Gama SGN, Szwarcwald CL, Sabroza AR, Branco VC and Leal MC (2004) Factors associated with precarious prenatal care in a sample of post-partum adolescent mothers in maternity hospitals in Rio de Janeiro, Brazil, 1999-2000. Cad Saúde Pública 20(suppl. 1):101-111.         [ Links ]

Goodlett CR and Horn KH (2001) Mechanisms of alcohol-induced damage to the developing nervous system. Alcohol Res Health 25:175-184.         [ Links ]

Guerri C, Bazinet A and Riley EP (2009) Foetal Alcohol Spectrum Disorders and alterations in brain and behaviour. Alcohol Alcohol 44:108-114.         [ Links ]

Hill SY, Lowers L, Locke-Wellman J and Shen S (2000) Maternal smoking and drinking during pregnancy and the risk for child and adolescent psychiatric disorders. J Stud Alcohol 61:661-668.         [ Links ]

Hoyme HE, May PA, Kalberg WO, Kodituwakku P, Gossage JP, Trujillo PM, Buckley DG, Miller JH, Aragon AS, Khaole N, et al. (2005) A practical clinical approach todiagnosis of fetal alcohol spectrum disorders: Clarification of the 1996 iIstitute of Medicine criteria. Pediatrics 115:39-47.         [ Links ]

Jones KL, Hoyme HE, Robinson LK, Del Campo M, Manning MA, Prewitt LM and Chambers CD (2010) Fetal alcohol spectrum disorders: Extending the range of structural defects. Am J Med Genet A 152A:2731-2735.         [ Links ]

Kelly SJ, Goodlett CR and Hannigan JH (2009) Animal models of fetal alcohol spectrum disorders: Impact of the social environment. Dev Disabil Res Rev 15:200-208.         [ Links ]

Kodituwakku PW (2009) Neurocognitive profile in children with fetal alcohol spectrum disorders. Dev Disabil Res Rev 15:218-224.         [ Links ]

Larkby CA, Goldschmidt L, Hanusa BH and Day NL (2011) Prenatal alcohol exposure is associated with conduct disorder in adolescence: Findings from a birth cohort. J Am Acad Child Adolesc Psychiatry 50:262-71.         [ Links ]

McGee CL, Bjorkquist OA, Price JM, Mattson SN and Riley EP (2009) Social information processing skills in children with histories of heavy prenatal alcohol exposure. J Abnorm Child Psychol 37:817-30.         [ Links ]

Mattson SN, Riley EP, Gramling LJ, Delis DC and Jones KL (1998) Neuropsychological comparison of alcohol-exposed children with or without physical features of fetal alcohol syndrome. Neuropsychology 12:146-153.         [ Links ]

Mattson SN, Crocker N and Nguyen TT (2011) Fetal alcohol spectrum disorders: Neuropsychological and behavioral features. Neuropsychol Rev 21:81-101.         [ Links ]

May PA, Gossage JP, Kalberg WO, Robinson LK, Buckley D, Manning M and Hoyme HE (2009) Prevalence and epide-miologic characteristics of FASD from various research methods with an emphasis on recent in-school studies. Dev Disabil Res Rev 15:176-192.         [ Links ]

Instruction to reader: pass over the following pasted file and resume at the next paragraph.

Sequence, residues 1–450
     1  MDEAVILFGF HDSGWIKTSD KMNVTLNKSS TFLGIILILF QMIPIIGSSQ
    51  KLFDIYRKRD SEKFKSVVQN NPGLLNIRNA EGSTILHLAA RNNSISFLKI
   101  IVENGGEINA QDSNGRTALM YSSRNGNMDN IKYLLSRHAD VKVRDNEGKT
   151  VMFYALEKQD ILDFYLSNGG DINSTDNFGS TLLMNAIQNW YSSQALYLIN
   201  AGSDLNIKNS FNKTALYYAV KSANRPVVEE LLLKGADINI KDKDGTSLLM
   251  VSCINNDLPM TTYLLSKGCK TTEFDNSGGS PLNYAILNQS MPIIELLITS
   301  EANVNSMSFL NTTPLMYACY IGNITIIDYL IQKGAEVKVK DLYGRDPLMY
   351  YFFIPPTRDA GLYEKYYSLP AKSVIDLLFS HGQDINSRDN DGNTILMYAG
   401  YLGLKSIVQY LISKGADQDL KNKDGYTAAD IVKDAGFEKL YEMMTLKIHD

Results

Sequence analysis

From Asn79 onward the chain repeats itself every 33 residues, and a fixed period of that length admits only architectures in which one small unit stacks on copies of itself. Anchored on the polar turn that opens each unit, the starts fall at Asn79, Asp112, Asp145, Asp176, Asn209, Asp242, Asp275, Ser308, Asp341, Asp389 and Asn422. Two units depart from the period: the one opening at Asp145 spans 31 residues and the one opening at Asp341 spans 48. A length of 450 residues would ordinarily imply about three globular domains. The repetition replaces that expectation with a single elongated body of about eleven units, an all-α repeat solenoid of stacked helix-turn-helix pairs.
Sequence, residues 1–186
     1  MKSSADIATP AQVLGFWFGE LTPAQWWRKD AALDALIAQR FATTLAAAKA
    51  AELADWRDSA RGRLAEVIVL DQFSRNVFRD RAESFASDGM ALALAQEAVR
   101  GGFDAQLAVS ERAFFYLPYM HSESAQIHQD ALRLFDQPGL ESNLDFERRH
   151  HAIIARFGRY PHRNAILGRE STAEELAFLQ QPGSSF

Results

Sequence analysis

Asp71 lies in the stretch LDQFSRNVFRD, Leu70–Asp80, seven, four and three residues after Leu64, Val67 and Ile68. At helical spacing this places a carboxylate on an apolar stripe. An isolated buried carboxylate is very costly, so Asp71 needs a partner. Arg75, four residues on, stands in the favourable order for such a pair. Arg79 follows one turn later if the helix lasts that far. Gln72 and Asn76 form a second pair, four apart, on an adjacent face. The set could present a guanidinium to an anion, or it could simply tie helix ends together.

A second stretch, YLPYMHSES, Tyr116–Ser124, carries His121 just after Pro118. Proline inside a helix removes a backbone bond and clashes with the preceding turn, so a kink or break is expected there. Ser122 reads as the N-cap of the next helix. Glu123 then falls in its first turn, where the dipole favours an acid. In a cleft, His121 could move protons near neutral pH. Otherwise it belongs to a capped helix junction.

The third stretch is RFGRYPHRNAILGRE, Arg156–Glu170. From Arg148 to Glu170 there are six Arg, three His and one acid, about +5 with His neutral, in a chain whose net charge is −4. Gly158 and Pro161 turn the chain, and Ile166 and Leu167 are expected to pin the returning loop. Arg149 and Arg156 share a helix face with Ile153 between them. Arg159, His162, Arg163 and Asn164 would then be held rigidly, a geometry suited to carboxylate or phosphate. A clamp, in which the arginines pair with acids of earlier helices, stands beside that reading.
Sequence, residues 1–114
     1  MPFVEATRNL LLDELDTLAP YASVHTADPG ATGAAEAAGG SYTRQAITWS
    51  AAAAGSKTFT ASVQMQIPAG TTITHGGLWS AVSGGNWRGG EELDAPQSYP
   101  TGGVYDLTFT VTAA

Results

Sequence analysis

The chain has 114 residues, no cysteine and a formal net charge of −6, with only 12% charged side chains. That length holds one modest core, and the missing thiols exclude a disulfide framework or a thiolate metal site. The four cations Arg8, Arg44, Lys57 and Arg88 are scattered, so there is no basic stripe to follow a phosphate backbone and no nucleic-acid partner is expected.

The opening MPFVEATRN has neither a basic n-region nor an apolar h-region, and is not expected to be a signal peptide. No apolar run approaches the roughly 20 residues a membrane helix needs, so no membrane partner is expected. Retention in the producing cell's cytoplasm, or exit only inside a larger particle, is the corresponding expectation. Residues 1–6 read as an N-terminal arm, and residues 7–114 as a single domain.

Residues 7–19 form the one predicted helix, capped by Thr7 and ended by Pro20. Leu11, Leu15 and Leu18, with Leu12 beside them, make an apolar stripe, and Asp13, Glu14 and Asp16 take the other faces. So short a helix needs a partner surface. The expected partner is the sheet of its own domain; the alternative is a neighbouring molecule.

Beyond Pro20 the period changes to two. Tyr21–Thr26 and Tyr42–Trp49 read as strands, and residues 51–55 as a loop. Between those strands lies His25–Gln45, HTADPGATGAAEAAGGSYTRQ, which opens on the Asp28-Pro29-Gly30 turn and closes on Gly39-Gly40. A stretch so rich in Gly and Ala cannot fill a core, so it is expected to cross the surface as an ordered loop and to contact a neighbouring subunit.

MMWR (2009) Alcohol use among pregnant and nonpregnant women of childbearing age - United States, 1991-2005. Morb Mortal Wkly Rep 58:529-532.         [ Links ]

Momino W, Minussi L, Woffchuck D, Palmero EI, Sanseverino MT, Guimarães-Fachel JM and Schuler-Faccini L (2003) Reproductive risk factors related to socioeconomic status in pregnant women in southern Brazil. Community Genet 6:77-83.         [ Links ]

Momino W, Sanseverino MTV and Schüler-Faccini L (2008) Prenatal alcohol exposure as a risk factor for dysfunctional behaviors: The role of the pediatrician. J Pediatr (Rio de Janeiro) 84:S76-S79.         [ Links ]

Nash K, Sheard E, Rovet J and Koren G (2008) Understanding fetal alcohol spectrum disorders (FASDs): Toward identification of a behavioral phenotype. SciWorld J 8:873-882.         [ Links ]

O'Connor MJ and Paley B (2006) The relationship of prenatal alcohol exposure and the postnatal environment to child depressive symptoms. J Ped Psychol 31:50-64.         [ Links ]

Phebo L and Moura AT (2005) Urban violence: A challenge for pediatricians. J Pediatr (Rio de Janeiro) 81:S189-S96.         [ Links ]

Raven J (2000) The Raven's Progressive Matrices: Change and stability over culture and time. Cogn Psychol 41:1-48.         [ Links ]

Riley EP, Infante MA and Warren KR (2011) Fetal alcohol spectrum disorders: An overview. Neuropsychol Rev 21:73-80.         [ Links ]

Rodriguez A, Olsen J, Kotimaa AJ, Kaakinen M, Moilanen I, Henriksen TB, Linnet KM, Miettunen J, Obel C, Taanila A, et al. (2009) Is prenatal alcohol exposure related to inattention and hyperactivity symptoms in children? Disentangling the effects of social adversity. J Child Psychol Psychiatry 50:1073-1083.         [ Links ]

Sood B, Delaney-Black V, Covington C, Nordstrom-Klee B, Ager J, Templin T, Janisse J, Martier S and Sokol RJ (2001) Prenatal alcohol exposure and childhood behavior at age 6 to 7 years: I. Dose-response effect. Pediatrics 108:e34.         [ Links ]

Spohr HL, Willms J and Steinhausen HC (2007) Fetal alcohol spectrum disorders in young adulthood. J Pediatr 150:175-179.         [ Links ]

Staroselsky A, Fantus E, Sussman R, Sandor P, Koren G and Nulman I (2009) Both parental psychopathology and prenatal maternal alcohol dependency can predict the behavioral phenotype in children. Pediatr Drugs 11:22-25.         [ Links ]

Streissguth AP, Aase JM, Clarren SK, Randels SP, Ladue RA and Smith DF (1991) Fetal alcohol syndrome in adolescents and adults. JAMA 265:1961-1967.         [ Links ]

Streissguth AP, Barr HN, Kogan J and Bookstein FL (1996) Final Report to the CDC on Understanding the Occurrence of Secundary Disabilities in Fetal Alcohol Syndrome and Fetal Alcohol Effects. University of Washington Press, Seattle, 71 pp.         [ Links ]



Send correspondence to:
Lavínia Schüler-Faccini
Departamento de Genética
Universidade Federal do Rio Grande do Sul
Caixa Postal 15053
91501-970 Porto Alegre, RS, Brazil



License information: This is an open-access article distributed under the terms of the Creative Commons Attribution License, which permits unrestricted use, distribution, and reproduction in any medium, provided the original work is properly cited.

Creative Commons License All the contents of this journal, except where otherwise noted, is licensed under a Creative Commons Attribution License